Idea Debt

I came across this great article about idea debt from Jessica Abel– by the way if you are interested at all in creativity I highly recommend her podcast, I came in at the end of the season and have gone back to the beginning, it’s that good.

Idea Debt is when you spend too much time picturing what a project is going to be like, too much time thinking about how awesome it will be to have this thing done and in the world, too much time imagining how cool you will look, how in demand you’ll be, how much money you’ll make. And way too little time actually making the thing.

I guess it’s a variation that done is better than perfect. I heard that phrase again from a client the other day and I got home and hand lettered it in pencil into my journal, then inked it, coloured it etc. It wasn’t until I was rubbing out the pencil lines a couple of hours later that I had missed the ‘c’ from ‘perfect’. So my lovely piece has a massive mistake in it, which I corrected by inserting the ‘c’. I laughed when I noticed it, what a great lesson!

But the point is, if you want for the perfect situation you will never get it done. Not least because the idea of perfection is so overwhelming that you can’t start, let alone finish. And here’s the real secret – perfection doesn’t exist – shh!

Often when we think about creative projects they become huge in our mind – we won’t be happy until this massive THING is created, which will take hours and hours and hours. Sometimes we need to take time to assess what it is that we actually want from the creative project and what will make us happy – and quite often it’s not as big as we think.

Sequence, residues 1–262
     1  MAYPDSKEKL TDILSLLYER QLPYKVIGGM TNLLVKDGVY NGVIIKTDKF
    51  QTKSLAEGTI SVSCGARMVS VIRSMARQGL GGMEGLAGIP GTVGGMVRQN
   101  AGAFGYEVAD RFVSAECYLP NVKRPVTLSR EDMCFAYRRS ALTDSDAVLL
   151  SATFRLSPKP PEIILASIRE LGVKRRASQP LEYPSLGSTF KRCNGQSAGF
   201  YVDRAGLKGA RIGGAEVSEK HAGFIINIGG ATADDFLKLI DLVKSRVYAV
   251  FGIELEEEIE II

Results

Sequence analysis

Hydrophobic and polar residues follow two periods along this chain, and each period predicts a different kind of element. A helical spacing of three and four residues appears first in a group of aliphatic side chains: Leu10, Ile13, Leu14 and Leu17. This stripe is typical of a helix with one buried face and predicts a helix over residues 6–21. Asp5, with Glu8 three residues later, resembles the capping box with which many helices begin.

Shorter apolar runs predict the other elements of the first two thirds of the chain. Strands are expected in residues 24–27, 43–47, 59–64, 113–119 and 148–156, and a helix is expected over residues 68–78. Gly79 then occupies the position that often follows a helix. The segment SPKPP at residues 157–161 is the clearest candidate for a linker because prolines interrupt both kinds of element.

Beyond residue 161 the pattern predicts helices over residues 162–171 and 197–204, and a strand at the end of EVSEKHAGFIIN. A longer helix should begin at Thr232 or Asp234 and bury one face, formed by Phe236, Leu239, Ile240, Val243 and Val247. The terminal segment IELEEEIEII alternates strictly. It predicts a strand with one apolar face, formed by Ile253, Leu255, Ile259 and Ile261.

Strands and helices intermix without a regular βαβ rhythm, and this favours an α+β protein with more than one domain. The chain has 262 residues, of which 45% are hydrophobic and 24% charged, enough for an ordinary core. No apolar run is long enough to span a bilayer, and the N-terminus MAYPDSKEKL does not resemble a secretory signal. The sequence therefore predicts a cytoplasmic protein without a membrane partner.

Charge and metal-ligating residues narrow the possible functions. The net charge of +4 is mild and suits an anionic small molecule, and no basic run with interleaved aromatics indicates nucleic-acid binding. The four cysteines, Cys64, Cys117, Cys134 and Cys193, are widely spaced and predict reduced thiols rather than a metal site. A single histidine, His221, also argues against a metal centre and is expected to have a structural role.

But spending more and more time thinking about a project and not actually doing the work? That’s idea debt and it carries guilt with it. What can you do to actually start the project? Do you want to write about a particular topic? Well set up a blog and get on and do it. Don’t wait until you have figured out how to make a beautiful, swish website, go with the bare bones and learn as you go – just do it. You can even get help.

Can you break it down into smaller chunks and just take the first step – remember you don’t need to know the whole journey or path, just the next little step. If you want to do a podcast, record it on your phone, and edit it in Audacity. DOn’t worry about expensive equipment, fancy logo or adding in a jingle to the beginning and the end. Just start with the basics, once you’ve figured that out move onto the next stage.

The point is once you start to move on your creative projects you will continue to get ideas, you will come across information that will help you, tell people you are doing this project – not least because they can hold you accountable, but many people will then keep their ears and eyes open for you on that topic and send things across to you.

However it goes, it’s got to be better than all the time you spend thinking about the project and not actually doing it and the associated guilt – right?!

If you want some help on getting a creative project done or developing a creative practice, you can book coaching sessions with me.

Join the conversation

1 Comment

  1. Whenever I have to do projects, I tend to give it a lot of thought, before I start writing things down. The problems that I have in doing projects are organization, time management, and writing them up, because I want to make sure that what I write makes sense in content, so the audience and proofreaders can understand what I am trying to say.

Leave a comment

Please leave a reply!

This site uses Akismet to reduce spam. Learn how your comment data is processed.

%d bloggers like this: